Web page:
Much is in flux, by which I mean that much is a work in progress in the wake of Tuchel’s departure. For example, Tuchel’s backline never really congealed, nor does BVB seem to have the personnel or style to play careful defense. Then there’s the issue of Julian Weigl’s injury, which I’d argue is a very big deal. Weigl powers this team. Without him, BVB isn’t nearly as dangerous nor fluid. Weigl’s knee injury and time absent will be huge come the start of the Hinrunde in a couple months. Moreover, Weigl’s injury belies BVB’s lack of depth in midfield. Without Weigl, BVB is a weak Europa League club at best right now. Next, there’s the issue of Pierre-Emrick Aubameyang, an alleged “Tuchel man” in the civil war. Presumably, the Bundeslgia’s leading scorer is already a new PSG man. However, Auba’s departure is old news. What’s significant right now is that Dortmund does’t have an instant goals-for-goals replacement for Auba’s staggering production (he was responsible for a stunning 43% of BVB’s goals in 2016-17). Does this situation remind you of anything? Cough, cough. Robert Lewandowki, cough, cough. And I hate to say this, but Bosz’s Ajax relied heavily on two goal scorers, Kasper Dollberg and Davy Klaassen. Who will Bosz rely on for goals at BVB? Marco Reus isn’t healthy to be considered one of the go-to men right now. Finally, what about the rumored split in the club between old core and Tuchel’s youngsters? Splits don’t just magically disappear with new coaches. BVB needs some healing.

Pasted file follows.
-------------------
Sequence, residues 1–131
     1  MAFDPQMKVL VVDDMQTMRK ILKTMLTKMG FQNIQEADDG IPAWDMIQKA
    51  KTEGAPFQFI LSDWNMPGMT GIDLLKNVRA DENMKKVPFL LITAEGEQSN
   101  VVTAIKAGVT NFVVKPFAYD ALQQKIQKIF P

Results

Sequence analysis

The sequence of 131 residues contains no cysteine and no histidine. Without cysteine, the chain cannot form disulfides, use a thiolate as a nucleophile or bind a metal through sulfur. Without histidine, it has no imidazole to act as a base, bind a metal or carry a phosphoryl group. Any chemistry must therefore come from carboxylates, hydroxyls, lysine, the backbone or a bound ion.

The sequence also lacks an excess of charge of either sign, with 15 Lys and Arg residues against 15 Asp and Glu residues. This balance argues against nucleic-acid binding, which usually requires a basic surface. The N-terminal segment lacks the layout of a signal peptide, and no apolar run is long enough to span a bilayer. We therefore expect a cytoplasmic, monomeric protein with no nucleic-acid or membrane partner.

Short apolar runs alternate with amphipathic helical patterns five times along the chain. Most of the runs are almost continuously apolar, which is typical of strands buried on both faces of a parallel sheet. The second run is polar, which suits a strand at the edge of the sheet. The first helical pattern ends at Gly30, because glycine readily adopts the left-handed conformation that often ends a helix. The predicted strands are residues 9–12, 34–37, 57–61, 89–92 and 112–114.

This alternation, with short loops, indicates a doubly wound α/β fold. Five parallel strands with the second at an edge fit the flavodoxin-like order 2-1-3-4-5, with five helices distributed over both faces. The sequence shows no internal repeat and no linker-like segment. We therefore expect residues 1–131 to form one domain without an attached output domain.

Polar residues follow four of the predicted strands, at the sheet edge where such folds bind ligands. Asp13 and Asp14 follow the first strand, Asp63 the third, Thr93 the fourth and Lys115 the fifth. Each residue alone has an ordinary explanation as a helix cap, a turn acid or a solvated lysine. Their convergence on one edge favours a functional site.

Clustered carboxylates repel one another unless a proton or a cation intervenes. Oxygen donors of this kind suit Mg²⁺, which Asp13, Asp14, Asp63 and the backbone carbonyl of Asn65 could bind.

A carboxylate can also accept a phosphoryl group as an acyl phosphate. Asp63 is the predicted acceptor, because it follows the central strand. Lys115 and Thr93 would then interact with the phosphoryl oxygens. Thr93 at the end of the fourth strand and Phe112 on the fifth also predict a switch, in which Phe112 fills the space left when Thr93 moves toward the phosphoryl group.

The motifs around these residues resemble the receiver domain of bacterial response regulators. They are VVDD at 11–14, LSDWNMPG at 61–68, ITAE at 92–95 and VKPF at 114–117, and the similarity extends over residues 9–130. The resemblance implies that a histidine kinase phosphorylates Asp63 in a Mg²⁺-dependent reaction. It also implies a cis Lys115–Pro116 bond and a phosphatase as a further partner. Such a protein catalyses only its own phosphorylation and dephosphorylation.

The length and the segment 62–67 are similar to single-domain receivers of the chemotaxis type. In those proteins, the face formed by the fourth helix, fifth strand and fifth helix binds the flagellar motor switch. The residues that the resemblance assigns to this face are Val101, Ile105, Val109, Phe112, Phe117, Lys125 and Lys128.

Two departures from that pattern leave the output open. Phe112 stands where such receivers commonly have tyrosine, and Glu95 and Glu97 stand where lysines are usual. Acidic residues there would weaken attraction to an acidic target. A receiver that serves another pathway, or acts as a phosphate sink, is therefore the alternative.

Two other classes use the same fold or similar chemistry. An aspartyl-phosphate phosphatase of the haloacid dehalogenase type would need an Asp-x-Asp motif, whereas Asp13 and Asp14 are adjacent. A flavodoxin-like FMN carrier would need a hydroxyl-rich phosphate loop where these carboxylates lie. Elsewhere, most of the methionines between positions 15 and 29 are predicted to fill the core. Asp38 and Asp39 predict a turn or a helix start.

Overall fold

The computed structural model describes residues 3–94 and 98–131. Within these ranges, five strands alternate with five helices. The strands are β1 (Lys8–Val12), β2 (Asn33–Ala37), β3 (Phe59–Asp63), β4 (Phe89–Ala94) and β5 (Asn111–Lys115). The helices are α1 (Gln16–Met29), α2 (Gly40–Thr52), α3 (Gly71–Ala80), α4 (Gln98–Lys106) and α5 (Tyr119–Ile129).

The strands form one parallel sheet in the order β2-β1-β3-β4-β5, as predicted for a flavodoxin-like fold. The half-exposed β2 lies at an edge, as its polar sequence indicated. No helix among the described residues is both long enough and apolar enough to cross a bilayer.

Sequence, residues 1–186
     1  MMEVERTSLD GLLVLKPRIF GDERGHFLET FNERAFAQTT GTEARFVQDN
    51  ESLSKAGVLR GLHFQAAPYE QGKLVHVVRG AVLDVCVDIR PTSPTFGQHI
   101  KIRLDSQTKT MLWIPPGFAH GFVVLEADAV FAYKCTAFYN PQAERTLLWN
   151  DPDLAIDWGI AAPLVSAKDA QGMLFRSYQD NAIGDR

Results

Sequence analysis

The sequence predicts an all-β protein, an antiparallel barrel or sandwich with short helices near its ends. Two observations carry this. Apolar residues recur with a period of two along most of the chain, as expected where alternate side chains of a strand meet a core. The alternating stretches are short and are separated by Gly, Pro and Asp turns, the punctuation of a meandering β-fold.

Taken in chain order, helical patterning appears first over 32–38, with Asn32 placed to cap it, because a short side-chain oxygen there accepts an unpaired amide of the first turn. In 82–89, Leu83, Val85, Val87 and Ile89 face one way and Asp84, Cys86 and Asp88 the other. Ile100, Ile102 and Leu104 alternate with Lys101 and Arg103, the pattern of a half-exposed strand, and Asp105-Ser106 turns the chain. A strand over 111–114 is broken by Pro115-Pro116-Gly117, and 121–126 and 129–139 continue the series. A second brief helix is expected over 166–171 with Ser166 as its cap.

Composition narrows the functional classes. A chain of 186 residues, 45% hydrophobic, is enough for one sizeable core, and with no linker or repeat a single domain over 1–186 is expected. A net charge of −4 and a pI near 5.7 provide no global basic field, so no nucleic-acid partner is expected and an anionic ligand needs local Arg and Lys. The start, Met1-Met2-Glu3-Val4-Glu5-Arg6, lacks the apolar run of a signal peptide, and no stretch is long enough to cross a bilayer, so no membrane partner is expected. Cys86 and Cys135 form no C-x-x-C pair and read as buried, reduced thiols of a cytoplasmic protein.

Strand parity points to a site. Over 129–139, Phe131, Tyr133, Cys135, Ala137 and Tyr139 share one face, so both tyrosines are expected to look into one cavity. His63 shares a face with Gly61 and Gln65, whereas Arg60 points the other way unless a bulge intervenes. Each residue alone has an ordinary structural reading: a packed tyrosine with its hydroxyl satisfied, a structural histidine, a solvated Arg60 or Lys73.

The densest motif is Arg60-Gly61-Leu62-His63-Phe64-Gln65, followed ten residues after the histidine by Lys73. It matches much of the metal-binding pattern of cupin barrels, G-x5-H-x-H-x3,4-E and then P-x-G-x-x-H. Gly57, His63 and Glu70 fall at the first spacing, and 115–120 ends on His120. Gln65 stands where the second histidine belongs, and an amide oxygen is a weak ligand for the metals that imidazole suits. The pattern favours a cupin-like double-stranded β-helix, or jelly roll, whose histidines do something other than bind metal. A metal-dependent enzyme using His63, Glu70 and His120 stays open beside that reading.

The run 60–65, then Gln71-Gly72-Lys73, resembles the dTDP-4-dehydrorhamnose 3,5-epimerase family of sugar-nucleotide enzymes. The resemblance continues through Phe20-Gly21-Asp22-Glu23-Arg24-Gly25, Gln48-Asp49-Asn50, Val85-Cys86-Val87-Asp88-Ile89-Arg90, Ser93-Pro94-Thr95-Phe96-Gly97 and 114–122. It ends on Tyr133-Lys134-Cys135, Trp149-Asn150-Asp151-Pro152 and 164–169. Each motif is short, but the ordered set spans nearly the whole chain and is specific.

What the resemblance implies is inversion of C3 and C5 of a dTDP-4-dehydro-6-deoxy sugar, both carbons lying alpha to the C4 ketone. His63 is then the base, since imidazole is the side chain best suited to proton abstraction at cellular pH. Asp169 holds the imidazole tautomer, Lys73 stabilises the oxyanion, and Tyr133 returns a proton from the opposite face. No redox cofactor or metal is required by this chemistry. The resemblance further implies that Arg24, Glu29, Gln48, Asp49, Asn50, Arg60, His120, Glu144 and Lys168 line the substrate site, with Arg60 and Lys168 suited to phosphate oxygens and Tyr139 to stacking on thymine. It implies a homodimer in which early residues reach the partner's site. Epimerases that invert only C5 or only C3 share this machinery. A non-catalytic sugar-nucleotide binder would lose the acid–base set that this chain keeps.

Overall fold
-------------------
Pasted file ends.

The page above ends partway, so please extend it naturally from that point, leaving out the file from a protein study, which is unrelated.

Bosz has a mess on his hands.
Although I’m actually happy about the Bosz hiring, I just didn’t think that BVB would find itself in need of a new coach two years into the Tuchel project. For a club aspiring to stability and consistent success, coaching changes like this seem a bit antithetical to the very culture that BVB claims to maintain. Us BVBers certainly hope that Bosz is a longterm replacement, and that the club isn’t entering the very first stages of some HSV-like death spiral of instability. (Oh, how the mind can run down the most anxious of streets with the quickest pace!) At least there’s superficial continuity — a family resemblance — between Tuchel and Bosz, stylistically, and at least there’s still a remaining core of players to adapt to the resemblances. But will it be enough?
These are the questions us fans ask, because coaches and players come and go, but we are stuck with our clubs on a ride of mutual joy and anxiety. With Bosz’s hiring, I know that I’m feeling both.